In September 2021, the U.S., Australia and the U.K. announced a new partnership, AUKUS, meant to strengthen alliances and security, especially in the Indo-Pacific. In March, plans for moving forward on the first pillar of that new partnership were announced. This involves delivering a conventionally-armed, nuclear-powered submarine capability to Australia.
On Capitol Hill yesterday, Mara Karlin, assistant secretary of defense for strategies, plans, and capabilities, discussed further implications of AUKUS — including its second pillar, which involves enhancing joint capabilities and interoperability.
On the Hill, Karlin touched on how AUKUS fits into the National Defense Strategy; how the Defense Department is seizing what Secretary of Defense Lloyd J. Austin III called the "generational opportunity" AUKUS presents; and why the U.S. must work to expand defense cooperation with its closest allies and partners.
The 2022 National Defense Strategy describes China as the United States’ most consequential strategic competitor, Karlin said.
"The National Defense Strategy describes integrated deterrence as a holistic response to the strategies that our competitors are pursuing and directs the use of campaigning to gain military advantage," Karlin said. "It calls on the Department of Defense to build enduring advantages across the defense ecosystem to shore up our foundations for integrated deterrence and campaigning."
Karlin told lawmakers that the strategy describes allies and partners as a "center of gravity" for its implementation.
"What is needed now more than ever before is an approach that enhances our AUKUS partner's conventional military capabilities, opens support to a more integrated defense industrial base, increases information sharing, and implements cooperative policies that reflect the concepts laid out in the national security strategy," Karlin said. "What cannot be overstated is this: We cannot do this alone, and our AUKUS partners stand shoulder-to-shoulder with the United States, as they have for many decades."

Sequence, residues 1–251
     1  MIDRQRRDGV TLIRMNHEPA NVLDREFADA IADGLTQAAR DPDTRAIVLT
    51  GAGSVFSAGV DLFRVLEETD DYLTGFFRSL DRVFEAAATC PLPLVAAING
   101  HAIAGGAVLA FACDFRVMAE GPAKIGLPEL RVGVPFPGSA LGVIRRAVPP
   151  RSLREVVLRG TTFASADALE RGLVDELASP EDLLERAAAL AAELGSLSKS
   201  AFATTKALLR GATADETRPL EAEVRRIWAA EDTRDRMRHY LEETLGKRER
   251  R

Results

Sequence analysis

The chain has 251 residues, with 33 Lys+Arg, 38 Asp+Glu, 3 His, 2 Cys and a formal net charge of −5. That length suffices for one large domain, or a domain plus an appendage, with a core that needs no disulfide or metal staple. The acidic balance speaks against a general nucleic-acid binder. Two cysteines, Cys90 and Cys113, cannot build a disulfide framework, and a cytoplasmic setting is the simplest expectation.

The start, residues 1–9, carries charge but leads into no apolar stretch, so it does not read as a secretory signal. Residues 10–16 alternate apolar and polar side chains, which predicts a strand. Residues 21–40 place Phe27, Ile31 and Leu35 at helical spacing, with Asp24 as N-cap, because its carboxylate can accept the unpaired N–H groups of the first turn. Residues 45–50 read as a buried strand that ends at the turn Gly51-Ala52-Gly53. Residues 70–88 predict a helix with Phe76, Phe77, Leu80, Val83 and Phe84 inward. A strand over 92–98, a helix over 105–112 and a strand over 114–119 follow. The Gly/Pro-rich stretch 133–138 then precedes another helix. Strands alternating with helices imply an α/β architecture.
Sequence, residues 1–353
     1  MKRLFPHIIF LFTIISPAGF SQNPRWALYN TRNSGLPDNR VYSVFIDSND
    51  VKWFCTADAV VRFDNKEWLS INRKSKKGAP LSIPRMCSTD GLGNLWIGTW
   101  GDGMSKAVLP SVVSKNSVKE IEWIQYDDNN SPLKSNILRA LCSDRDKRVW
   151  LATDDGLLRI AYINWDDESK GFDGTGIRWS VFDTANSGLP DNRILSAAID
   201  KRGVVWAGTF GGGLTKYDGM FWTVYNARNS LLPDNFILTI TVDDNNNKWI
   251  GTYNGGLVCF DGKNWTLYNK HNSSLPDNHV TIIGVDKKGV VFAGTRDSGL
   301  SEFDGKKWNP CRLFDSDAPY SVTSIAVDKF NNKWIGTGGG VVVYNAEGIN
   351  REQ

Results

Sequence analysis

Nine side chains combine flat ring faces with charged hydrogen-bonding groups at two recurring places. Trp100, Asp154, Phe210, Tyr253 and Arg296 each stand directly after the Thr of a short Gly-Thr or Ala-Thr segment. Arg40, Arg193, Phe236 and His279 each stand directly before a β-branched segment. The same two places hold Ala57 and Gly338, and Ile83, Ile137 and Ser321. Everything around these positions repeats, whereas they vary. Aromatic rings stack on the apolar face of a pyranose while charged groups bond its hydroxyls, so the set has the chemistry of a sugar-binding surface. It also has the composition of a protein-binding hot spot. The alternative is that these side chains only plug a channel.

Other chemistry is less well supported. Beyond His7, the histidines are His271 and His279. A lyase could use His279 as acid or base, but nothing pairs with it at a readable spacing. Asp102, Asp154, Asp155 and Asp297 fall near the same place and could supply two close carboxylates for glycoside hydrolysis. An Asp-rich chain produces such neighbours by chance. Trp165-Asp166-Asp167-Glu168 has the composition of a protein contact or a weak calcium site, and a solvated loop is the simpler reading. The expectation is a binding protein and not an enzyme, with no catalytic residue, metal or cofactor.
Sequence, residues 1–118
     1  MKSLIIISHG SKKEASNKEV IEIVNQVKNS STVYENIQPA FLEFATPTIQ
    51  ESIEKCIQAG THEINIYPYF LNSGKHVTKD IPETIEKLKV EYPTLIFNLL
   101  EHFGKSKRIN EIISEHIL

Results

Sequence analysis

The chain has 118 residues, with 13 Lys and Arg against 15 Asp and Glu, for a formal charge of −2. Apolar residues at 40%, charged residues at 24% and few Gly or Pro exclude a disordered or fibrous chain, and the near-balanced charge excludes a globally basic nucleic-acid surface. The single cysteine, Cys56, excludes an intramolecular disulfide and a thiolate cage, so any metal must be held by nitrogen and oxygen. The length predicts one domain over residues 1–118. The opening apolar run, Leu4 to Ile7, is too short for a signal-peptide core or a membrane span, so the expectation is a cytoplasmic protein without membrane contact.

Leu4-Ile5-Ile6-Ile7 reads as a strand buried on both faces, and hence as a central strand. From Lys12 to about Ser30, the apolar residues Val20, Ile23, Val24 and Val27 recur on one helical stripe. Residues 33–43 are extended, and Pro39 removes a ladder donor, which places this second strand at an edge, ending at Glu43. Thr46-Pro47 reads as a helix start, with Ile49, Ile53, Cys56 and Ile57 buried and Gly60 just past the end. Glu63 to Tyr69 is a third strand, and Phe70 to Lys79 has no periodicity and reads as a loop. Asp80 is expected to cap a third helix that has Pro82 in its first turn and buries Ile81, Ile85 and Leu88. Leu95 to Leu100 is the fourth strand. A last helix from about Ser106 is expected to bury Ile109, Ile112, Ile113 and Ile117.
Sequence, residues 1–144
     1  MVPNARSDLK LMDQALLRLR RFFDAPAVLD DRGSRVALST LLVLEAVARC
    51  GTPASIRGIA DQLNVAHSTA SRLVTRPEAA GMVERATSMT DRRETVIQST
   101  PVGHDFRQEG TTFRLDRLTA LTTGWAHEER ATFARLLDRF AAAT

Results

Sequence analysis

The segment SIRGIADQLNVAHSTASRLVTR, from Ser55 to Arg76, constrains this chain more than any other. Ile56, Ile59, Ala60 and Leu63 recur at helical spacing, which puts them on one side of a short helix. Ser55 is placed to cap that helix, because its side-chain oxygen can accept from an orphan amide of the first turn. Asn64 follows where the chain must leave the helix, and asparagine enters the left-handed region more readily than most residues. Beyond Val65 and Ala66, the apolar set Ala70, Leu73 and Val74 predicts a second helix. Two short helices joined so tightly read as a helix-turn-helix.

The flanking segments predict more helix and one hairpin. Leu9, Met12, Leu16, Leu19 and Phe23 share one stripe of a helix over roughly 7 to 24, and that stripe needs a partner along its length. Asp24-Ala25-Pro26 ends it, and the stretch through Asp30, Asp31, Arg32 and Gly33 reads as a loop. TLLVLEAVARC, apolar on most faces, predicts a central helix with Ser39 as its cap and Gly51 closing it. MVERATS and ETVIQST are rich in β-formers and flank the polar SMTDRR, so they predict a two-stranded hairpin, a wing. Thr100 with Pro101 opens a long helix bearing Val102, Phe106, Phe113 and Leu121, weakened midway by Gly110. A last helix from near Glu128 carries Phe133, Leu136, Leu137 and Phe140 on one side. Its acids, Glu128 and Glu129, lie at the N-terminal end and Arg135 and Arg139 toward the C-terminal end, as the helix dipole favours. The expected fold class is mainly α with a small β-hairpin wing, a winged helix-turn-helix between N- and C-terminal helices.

Development of new technologies, Karlin said, are critical to U.S. defense and to the defense of AUKUS partners. The AUKUS partnership will create opportunities for cooperation that will advance the development and availability of those new technologies.
"As President [Joe] Biden and Secretary Austin have said, AUKUS is a generational opportunity," Karlin said. "Together with our AUKUS partners, we have identified several advanced capability opportunities in areas that range from artificial intelligence and quantum to hypersonics. Over time, the work we do will advance our own capabilities, as well as our partners’, and will enable us to address the challenges that we will collectively face.
Today more than ever, she said, there is a not only a benefit, but an imperative to expand defense technology-sharing practices, and AUKUS will be a part of that.
The AUKUS partnership, Karlin said, also provides an opportunity to streamline defense cooperation and to identify sticking points that make information or technology sharing a challenge.
"We need to widen the aperture; foster collaborative defense innovation; advance military interoperability with our allies and partners; and leverage our collective strengths as a force multiplier," Karlin said. "AUKUS has provided a lens into not only what military capabilities our closest allies need, but also what barriers exist that hamper pursuit of our integrated national security strategy and how we need to adapt our approach to meet our national security objectives."
The administration, Karlin told lawmakers, plans to consult with Congress on legislative changes that will allow increased exemptions to licensing requirements for AUKUS partners and make easier the transfer of both unclassified and classified defense articles and services.
"This bold approach is critical to ensuring the AUKUS partnership continues to innovate and to progress to meet the challenges of the global security environment," she said.